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ACS in the News

Weekly press highlights of the latest ACS journal articles and other coverage featured in high-profile news media outlets all around the globe. 

MSN (Redmond, WA: 67.15 million unique monthly visits)
“20 of the Best Hangover Foods to Ease Your Pain”
July 14, 2021

Alcohol puts a strain on the liver. But happily, our favorite toast topper contains certain compounds that can help protect against liver damage, per a study published in the Journal of Agricultural and Food Chemistry. Avocados are also high in potassium, a mineral that’s lost during a drinking binge. Guess we know what we’ll be having for breakfast Saturday morning.

MSN Arabia (Dubai, United Arab Emirates: 67.15 million unique monthly visits)
“24 weird and wonderful life-changing tech from around the world”
July 19, 2021
Publicized in: ACS PressPac

Plastic waste is a serious problem. It's causing all sorts of issues for our environment and for marine life as it makes its way into the oceans. Now researchers from the University of Chemistry and Technology in Prague have begun a study using self-propelled microrobots designed to clear up the waste. These bots are said to be about the size of a red blood cell and are able to use solar power to move while destroying microplastics as they go…. Adapted from ACS Applied Materials & Interfaces.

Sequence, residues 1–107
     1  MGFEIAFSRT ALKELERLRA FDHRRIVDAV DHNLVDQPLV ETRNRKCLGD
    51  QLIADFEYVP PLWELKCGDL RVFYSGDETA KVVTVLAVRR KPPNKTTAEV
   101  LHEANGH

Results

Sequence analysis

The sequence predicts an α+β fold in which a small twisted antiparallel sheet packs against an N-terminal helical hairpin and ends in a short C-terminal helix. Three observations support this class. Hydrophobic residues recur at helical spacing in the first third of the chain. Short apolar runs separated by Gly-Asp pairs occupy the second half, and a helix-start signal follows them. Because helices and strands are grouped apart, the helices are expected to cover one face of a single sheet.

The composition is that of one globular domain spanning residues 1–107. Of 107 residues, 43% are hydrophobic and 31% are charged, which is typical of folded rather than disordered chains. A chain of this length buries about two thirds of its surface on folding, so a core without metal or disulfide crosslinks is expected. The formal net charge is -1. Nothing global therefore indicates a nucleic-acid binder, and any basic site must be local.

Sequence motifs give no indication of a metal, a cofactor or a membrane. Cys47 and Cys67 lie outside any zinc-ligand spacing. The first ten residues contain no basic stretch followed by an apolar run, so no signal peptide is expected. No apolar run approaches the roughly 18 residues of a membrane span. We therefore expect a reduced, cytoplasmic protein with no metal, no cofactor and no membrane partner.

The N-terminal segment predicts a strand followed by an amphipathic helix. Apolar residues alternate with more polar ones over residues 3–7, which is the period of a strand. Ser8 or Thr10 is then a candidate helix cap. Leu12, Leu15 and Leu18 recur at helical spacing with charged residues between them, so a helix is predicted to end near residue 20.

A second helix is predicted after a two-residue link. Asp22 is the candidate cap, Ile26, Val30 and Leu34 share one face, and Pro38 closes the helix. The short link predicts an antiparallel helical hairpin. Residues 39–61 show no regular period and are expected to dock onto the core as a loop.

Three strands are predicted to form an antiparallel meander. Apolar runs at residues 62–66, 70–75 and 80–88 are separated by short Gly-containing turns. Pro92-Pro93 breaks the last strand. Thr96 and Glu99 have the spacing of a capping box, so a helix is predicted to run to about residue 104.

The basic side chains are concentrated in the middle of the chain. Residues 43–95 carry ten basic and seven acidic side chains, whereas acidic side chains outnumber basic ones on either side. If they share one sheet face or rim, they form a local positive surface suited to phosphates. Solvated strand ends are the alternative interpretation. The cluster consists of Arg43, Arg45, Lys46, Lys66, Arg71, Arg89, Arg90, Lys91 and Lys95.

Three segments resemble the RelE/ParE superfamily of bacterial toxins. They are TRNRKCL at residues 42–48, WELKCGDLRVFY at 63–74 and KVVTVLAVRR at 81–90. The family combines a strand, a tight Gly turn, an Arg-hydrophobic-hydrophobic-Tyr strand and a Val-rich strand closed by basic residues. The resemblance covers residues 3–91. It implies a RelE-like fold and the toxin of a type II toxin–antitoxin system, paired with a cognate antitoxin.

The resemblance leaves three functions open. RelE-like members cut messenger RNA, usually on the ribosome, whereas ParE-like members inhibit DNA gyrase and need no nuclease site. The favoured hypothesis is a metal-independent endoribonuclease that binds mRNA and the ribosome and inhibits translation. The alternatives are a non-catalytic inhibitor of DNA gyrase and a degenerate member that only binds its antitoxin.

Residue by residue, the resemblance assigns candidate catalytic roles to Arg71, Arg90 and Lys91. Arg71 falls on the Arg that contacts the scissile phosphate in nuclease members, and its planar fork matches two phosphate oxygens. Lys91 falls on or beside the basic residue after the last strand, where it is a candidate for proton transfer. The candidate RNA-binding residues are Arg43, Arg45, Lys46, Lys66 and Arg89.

independent.co.uk (London, England: 13.69 million unique monthly visits)
“Scientists create a new type of plastic that evaporates in the sun and air”
July 14, 2021

A group of Chinese scientists have created a type of plastic that degrades when it is exposed to sunlight and air, in what could be a breakthrough in the fight against plastic waste. The scientists… were experimenting with colour-changing plastics in 2020 when they realised that it broke down after a week of exposure to air and light…. The Huazhong University study was published in the Journal of the American Chemical Society.

More than 10 media outlets covered the story.